Many businesses encounter difficulty with content localization. Some are torn between going local, communicating in a region’s native language, and having a local flavour in all communications.
For many years, content localization has been overlooked owing to its high cost, increased staffing requirements, and inability to produce a clear ROI on the localization cost.
However, times are changing, and the African market, in particular, is becoming increasingly concentrated at a remarkable rate.
Consumers’ rising purchasing power in African countries has compelled corporations to reconsider their content localization strategy and invest in Africa’s expanding markets.
72.4% of consumers are more likely to buy products in their native language
For a long time, English seemed to be the de facto language of communication, although only 10% of African countries have English as their official language.
Common Sense Advisory polled 3000 customers in ten countries: Two of which were African and some of the findings were shocking:
56% of those polled spend more time on local-language websites than English websites – or never visit English websites.
72.4 percent of consumers were more likely to purchase goods in their native tongue
66% prefer to access local-language websites over English ones – or never visit English websites at all
The findings of this poll clearly show that localization is vital for businesses to flourish in African markets.
Many companies still ignore content localization when trying to connect with African markets.
Research carried out in the African market has shown that 73% of the African population make a purchase only when they understand the language used in selling the product.
Yet many companies still ignore content localization when trying to connect with African markets.
For any business to stand out in African Markets, the marketing content must be clear and accessible to the target audience.
Content is king but Content Localization is effective marketing
They say content is king, but it has no impact until it is localized to its intended audience. It should also be noted that content localization entails far more than just translation.
So, what exactly is Content Localization?
Content localization means adapting your content to a specific target market and audience.
It involves representing your brand in another country and representing their customs and expectations in your brand.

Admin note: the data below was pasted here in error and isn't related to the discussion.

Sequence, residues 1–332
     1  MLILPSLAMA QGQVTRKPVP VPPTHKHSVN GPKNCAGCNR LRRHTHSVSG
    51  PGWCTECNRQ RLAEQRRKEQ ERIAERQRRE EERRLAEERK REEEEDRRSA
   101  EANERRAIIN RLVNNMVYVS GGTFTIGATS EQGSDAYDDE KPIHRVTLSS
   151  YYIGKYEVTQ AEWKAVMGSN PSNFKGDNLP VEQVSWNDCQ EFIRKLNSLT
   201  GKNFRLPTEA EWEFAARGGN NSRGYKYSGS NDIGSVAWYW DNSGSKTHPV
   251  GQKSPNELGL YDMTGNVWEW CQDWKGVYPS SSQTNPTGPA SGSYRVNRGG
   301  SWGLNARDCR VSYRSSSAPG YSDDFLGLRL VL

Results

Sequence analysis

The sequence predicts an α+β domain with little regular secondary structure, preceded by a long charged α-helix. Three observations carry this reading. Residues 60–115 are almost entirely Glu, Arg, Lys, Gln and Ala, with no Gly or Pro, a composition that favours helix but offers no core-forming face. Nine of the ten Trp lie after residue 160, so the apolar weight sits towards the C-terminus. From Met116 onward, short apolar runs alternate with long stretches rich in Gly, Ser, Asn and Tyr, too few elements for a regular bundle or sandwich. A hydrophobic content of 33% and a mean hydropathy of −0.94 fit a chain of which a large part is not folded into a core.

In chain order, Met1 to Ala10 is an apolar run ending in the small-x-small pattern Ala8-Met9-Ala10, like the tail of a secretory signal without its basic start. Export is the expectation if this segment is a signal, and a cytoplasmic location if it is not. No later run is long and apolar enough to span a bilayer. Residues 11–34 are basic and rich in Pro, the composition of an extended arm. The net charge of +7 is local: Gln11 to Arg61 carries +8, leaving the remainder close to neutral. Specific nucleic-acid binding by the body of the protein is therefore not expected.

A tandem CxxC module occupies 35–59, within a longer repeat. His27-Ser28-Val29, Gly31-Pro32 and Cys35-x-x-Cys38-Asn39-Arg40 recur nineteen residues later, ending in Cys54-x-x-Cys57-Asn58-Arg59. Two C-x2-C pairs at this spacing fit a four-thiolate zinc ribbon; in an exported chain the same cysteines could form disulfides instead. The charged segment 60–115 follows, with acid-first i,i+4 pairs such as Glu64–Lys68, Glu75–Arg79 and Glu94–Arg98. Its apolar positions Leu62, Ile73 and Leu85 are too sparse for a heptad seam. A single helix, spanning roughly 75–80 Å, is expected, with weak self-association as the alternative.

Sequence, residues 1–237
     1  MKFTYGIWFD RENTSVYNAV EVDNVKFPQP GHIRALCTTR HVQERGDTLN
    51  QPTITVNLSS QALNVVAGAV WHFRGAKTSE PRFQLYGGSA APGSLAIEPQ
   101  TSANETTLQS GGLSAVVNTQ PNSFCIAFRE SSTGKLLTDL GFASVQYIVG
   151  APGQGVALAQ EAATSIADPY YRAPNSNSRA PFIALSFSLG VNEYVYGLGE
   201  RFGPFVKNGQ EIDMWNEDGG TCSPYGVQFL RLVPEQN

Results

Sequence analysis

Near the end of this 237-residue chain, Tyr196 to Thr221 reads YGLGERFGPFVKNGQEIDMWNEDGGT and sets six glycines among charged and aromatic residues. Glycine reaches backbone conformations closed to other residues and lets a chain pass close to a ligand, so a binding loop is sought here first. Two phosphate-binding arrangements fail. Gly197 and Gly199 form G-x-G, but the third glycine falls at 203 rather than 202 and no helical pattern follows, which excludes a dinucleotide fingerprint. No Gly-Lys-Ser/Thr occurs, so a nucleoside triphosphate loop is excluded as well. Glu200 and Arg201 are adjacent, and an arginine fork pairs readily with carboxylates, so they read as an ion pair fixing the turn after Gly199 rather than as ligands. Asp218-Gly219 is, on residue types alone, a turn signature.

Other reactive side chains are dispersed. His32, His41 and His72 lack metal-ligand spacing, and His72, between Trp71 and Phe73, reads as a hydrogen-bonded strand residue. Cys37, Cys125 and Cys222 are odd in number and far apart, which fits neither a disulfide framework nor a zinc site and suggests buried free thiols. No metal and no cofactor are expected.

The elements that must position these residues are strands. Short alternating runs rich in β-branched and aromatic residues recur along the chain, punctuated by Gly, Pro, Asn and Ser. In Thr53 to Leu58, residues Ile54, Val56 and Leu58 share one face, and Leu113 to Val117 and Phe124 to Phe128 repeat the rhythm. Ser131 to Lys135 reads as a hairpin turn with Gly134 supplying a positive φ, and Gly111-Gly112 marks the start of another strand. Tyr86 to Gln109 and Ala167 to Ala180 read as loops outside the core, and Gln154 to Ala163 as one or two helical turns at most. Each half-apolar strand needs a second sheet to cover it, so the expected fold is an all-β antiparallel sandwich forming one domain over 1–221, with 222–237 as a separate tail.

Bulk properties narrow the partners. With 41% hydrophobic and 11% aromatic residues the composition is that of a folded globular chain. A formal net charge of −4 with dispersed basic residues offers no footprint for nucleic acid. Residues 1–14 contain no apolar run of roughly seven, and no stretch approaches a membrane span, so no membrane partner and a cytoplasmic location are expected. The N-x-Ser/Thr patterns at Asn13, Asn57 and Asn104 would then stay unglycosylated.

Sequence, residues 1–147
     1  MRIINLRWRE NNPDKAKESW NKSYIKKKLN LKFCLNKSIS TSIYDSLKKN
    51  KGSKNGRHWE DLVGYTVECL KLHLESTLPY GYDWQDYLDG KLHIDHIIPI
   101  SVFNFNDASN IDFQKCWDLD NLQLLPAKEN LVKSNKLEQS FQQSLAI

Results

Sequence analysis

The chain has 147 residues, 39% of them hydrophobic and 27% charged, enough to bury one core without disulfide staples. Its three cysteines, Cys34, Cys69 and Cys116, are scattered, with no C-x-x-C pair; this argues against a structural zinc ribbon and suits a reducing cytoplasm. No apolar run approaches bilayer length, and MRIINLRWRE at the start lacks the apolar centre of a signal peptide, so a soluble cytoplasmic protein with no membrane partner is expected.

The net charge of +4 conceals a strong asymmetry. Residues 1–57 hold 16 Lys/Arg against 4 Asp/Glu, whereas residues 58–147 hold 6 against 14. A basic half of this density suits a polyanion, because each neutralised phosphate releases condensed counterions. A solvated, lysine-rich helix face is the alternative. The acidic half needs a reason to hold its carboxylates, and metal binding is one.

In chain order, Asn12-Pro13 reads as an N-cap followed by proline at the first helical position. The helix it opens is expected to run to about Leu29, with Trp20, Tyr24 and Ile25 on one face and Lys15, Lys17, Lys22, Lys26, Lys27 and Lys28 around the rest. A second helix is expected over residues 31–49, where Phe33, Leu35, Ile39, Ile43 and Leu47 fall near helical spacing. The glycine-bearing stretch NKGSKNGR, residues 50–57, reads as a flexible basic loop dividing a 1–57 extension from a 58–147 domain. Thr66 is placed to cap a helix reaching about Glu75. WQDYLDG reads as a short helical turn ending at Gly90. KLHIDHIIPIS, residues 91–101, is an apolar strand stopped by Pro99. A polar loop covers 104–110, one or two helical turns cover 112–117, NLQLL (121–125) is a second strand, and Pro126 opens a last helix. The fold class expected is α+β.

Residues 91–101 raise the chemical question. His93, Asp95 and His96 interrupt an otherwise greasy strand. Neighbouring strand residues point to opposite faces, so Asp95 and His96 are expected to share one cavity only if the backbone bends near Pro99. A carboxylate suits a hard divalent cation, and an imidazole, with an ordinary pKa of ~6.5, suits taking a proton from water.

It must have a local flavour while also without diluting your brand’s identity and positioning.
Having Success in African Markets
African Pacesetters like Vodacom, MTN Group, Nandos and Interswitch, all understand the concept of content localization in having a successful business in Africa.
Take Nandos for example. The restaurant started way back in 1987 when it opened in Rosettenville in Johannesburg, South Africa.
On their about page, they talked about being inspired by the tradition of sign-writing in Southern Africa as well as using fonts for writing seen on the road in South Africa!
In their words:
“Silhouettes and patterns are big in African design. So when we created our new look, we chose to have a local NGO design and create three beautiful patterns, especially for us.”
Nandos localized their restaurant down to the font type. From becoming South Africa’s most successful restaurant, they’ve also become an international success story.
Why Ignoring Content Localization Will Cost You Time And Sale
English is not the official language in all African countries.
English is predominantly an official language in some African countries and only a few regions speak English as their first language.
In a survey conducted by Common Sense Advisory, it was found that 55% of the participants said they only buy products from websites that provide them with information in their own language.
2. Localizing content creates a better connection between the brand and consumers.
Content localization creates a custom-tailored experience for African audiences. It forms a strong connection between your brand and the target audience.
For instance, creating Halloween content in Uganda might not create any connection or appeal to its indegenes compared to content on The Nile Festival.
Moreover, localized content piques the interest of the consumers because the brand speaks directly to them. This strategy works wonders when connecting with African audiences.
3. Localized content forms a competitive edge and increases sales
When a business localizes its content, it creates a competitive edge against competitors and boosts sales.
Localizing marketing content attracts potential customers, and they most likely make purchases. Ignoring the effectiveness of localized content affects the brand in the long run. Companies should use content that relates to and appeals to their African audience in depicting their customs and culture.
What You Can Do to Save Time and Boost Sales
Albeit easy for African countries to localize their content, it’s best to allow industry-specific language experts to handle your localization projects.
iVoiceAfrica is an expert localization company based in Africa with branches in every African country. We’ve got you covered regardless of the region and country you are or looking to expand to.
Contact us to save time and boost sales!